It’s never easy to close a business.
You’ve poured your heart and soul into it and sometimes it’s like closing a part of yourself off.
We know that the past two years of compounding disasters have really taken their toll on business owners. And if you’re struggling to make enough sales to pay the rent, and you can’t see a way out of the hole, it might be time to close your doors.
It’s always ok to move on from your business, whether it’s because you need to or because your heart isn’t in it anymore.
If you are thinking about closing your business, there are a few steps you should take to make sure you do it the right way.
Even if you’ve been operating your business for decades, don’t assume your business will never close.
In fact, as soon as you start your business, you should begin to create a succession plan.
A well thought-out succession plan provides clarity, stability, and peace of mind and can help you prepare your business for sale sometime in the future. It will make an unexpected or forced closure easier to manage and may yield a value for years of hard work in a business.
If you don’t have a succession plan in place, then you’re leaving it up to chance that your business will survive after you leave.
When businesses close in local communities, there is a loss of goods, services, jobs, donations and sponsorships. Communities need businesses to thrive.
So as part of your succession planning, consider whether you can sell your business instead of shutting up completely.
If you sell your business to someone else in your community the benefits include building community capabilities, keeping knowledge in the community, retaining revenue and jobs in the community and the satisfaction of seeing your hard work continue into a new chapter.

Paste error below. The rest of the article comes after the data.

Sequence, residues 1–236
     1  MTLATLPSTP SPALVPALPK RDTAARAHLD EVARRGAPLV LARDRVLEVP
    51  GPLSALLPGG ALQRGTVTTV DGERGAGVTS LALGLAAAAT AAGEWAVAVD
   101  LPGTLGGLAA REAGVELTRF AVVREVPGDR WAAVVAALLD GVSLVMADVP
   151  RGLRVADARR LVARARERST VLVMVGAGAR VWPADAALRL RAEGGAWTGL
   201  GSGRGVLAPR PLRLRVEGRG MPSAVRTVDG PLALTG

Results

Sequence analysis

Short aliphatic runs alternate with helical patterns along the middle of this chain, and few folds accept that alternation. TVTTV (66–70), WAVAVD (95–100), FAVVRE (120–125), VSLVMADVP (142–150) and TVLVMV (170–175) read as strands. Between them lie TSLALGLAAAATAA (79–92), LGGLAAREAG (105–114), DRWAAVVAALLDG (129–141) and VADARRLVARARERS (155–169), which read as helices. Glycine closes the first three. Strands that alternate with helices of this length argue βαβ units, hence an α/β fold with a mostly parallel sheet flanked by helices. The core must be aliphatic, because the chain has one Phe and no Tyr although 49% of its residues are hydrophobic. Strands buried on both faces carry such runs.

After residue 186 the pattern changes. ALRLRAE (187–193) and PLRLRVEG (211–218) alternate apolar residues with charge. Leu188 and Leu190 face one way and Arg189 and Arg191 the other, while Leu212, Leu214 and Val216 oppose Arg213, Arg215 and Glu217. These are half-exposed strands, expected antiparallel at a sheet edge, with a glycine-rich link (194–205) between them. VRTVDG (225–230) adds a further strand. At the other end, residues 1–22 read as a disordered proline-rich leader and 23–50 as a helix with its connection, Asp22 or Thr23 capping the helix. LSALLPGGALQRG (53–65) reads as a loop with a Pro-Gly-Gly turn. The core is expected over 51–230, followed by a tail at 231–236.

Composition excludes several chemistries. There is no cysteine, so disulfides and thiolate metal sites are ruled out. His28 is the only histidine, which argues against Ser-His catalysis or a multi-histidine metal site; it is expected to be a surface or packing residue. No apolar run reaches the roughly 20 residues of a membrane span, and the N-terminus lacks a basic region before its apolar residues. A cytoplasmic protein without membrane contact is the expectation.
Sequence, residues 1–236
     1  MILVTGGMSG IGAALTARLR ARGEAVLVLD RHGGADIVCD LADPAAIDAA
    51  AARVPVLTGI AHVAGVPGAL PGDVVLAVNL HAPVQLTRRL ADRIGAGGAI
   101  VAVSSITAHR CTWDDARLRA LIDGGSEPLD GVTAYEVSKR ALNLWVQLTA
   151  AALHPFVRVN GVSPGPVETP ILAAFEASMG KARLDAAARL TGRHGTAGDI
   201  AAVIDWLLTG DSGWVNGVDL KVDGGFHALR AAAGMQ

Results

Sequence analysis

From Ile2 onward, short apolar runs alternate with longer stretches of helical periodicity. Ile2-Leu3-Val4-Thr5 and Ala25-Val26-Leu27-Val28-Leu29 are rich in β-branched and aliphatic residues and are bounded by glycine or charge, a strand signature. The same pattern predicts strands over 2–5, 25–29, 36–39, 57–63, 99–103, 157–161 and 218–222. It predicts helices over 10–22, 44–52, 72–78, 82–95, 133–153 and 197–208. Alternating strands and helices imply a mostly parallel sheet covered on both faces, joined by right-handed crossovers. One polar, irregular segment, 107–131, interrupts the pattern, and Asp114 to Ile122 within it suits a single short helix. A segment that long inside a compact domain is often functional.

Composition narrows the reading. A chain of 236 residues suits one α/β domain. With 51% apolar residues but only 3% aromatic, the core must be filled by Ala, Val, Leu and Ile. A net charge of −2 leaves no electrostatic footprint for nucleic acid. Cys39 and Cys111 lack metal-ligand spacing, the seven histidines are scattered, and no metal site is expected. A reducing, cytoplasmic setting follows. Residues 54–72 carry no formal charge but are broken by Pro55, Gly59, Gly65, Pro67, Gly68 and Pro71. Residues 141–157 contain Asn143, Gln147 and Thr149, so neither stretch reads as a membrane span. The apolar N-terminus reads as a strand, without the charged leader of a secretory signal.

If you’re planning to close your business and not sell it, the first thing you should do is to stop trading. If you’re selling products, then stop selling them. If you’re selling services, then stop providing them.
You’ll need to tell your customers that you’re closing so they can make other arrangements.
Particularly in small communities the closure of your business may mean that people are not able to access much-needed goods or services or donations for community events.
If you’re planning to sell your business, plan out the transition as best you can to prepare yourself and your employees. If you own a physical store, make sure to make it look appealing so potential buyers can see what they are getting.
Either way, plan how you’re going to tell your customers, employees and suppliers. Communicate to them that you’re closing shop or selling the business – and why – and be prepared for some potential criticism from customers or even friends and family.
Also consider any legal and regulatory requirements, consult with your accountant and make sure you have a solid exit strategy so that you have a plan for what you’ll do after you move on from your business.
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